Technology organizations call it ‘leapfrogging’ – when a country or region skips an entire generation of technology to become a world-leader. And so it has been with Africa and telecommunications. Landlines are rare – just two percent of African homes have one, yet mobile penetration is among the highest in the world in many markets. In Egypt and South Africa, mobile phone penetration tops 100 percent; Nigeria and Algeria are above 90 percent.
Interestingly, the rapid adoption of mobile has allowed the continent to achieve another ‘leapfrog’ maneuver, this time in banking. The launch of Safaricom’s Mpesa mobile money transfer service in 2007 has utterly transformed the way people buy and sell items in Kenya; around half of the country’s GDP now funnels through the Safaricom network each year. The initiative’s success has catalyzed dozens of similar systems around the world.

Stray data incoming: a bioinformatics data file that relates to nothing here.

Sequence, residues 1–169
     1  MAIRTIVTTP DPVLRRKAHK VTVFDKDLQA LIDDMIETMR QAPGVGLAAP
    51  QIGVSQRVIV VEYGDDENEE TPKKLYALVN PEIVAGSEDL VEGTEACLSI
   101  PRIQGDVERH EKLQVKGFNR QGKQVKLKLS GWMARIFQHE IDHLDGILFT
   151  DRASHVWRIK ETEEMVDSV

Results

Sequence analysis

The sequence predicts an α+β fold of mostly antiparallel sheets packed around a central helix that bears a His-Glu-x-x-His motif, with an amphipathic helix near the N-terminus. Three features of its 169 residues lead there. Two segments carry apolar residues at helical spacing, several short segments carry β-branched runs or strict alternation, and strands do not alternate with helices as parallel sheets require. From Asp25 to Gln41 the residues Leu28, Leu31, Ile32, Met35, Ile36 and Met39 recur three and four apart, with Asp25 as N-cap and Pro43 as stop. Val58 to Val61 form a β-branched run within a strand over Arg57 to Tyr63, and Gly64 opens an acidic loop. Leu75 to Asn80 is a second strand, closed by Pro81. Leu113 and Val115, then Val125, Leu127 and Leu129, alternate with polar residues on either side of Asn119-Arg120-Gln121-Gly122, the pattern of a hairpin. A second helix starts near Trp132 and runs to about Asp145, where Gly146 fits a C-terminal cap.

With mobile penetration and usage rates rising everywhere, a small but growing number of insurers are now looking to leverage Africa’s mobile leadership to achieve their own ‘leapfrog’ maneuver by partnering with leading mobile organizations and local innovators to create entirely new products and services. Much of the activity has been in three key areas:
Besides the ability to share resources, R&D budgets and risks, these innovative partnerships also leverage the core value proposition of each party to create a new idea or concept. For insurers, partnering with a trusted brand is also critical, particularly in markets where the public remains skeptical about the benefits of insurance.
Ultimately, by creating partnerships with non-traditional players, insurers operating in Africa have been able to expand their market reach, improve their reputation, drive growth and inspire world-leading innovation.
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